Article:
Among the conspirators was Niccolo Fedini, who had acted as president of their assemblies. He, being induced by most certain hopes, disclosed the whole affair to Piero, and gave him a list of those who had subscribed their names, and also of the conspirators. Piero was alarmed on discovering the number and quality of those who were opposed to him; and by the advice of his friends he resolved to take the signatures of those who were inclined to favor him. Having employed one of his most trusty confidants to carry his design into effect, he found so great a disposition to change and instability, that many who had previously set down their names among the number of his enemies, now subscribed them in his favor.
Niccolo Soderini drawn Gonfalonier of Justice—Great hopes excited in consequence—The two parties take arms—The fears of the Signory—Their conduct with regard to Piero—Piero’s reply to the Signory—Reform of government in favor of Piero de’ Medici—Dispersion of his enemies—Fall of Lucca Pitti—Letter of Agnolo Acciajuoli to Piero de’ Medici—Piero’s answer—Designs of the Florentine exiles—They induce the Venetians to make war on Florence.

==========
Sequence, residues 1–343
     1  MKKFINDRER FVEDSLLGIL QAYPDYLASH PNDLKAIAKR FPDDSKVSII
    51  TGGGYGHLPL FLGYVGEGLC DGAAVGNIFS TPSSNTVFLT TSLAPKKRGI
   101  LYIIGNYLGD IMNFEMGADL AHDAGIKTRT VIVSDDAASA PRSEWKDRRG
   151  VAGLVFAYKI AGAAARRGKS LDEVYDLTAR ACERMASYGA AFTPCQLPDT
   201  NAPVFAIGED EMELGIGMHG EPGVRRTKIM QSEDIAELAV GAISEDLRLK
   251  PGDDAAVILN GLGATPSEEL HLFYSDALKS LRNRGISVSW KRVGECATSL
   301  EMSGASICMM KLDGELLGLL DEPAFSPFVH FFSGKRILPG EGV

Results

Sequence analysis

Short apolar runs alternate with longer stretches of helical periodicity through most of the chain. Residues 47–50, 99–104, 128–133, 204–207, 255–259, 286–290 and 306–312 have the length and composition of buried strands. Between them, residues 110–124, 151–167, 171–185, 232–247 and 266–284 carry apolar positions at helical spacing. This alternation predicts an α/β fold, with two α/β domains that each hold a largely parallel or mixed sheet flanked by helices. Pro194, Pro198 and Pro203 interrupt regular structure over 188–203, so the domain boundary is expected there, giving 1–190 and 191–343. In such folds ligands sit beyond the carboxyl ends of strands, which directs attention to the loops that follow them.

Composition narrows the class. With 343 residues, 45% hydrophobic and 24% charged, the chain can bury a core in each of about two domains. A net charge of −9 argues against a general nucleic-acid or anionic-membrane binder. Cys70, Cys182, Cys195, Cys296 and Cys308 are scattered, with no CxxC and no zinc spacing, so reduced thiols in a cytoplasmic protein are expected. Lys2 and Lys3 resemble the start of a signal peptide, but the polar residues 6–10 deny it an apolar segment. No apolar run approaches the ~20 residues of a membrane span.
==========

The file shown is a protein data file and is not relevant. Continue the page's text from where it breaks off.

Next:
In the midst of these events, the time arrived for the renewal of the supreme magistracy; and Niccolo Soderini was drawn Gonfalonier of Justice. It was surprising to see by what a concourse, not only of distinguished citizens, but also of the populace, he was accompanied to the palace; and while on the way thither an olive wreath was placed upon his head, to signify that upon him depended the safety and liberty of the city. This, among many similar instances, serves to prove how undesirable it is to enter upon office or power exciting inordinate expectations; for, being unable to fulfil them (many looking for more than it is possible to perform), shame and disappointment are the ordinary results. Tommaso and Niccolo Soderini were brothers. Niccolo was the more ardent and spirited, Tommaso the wiser man; who, being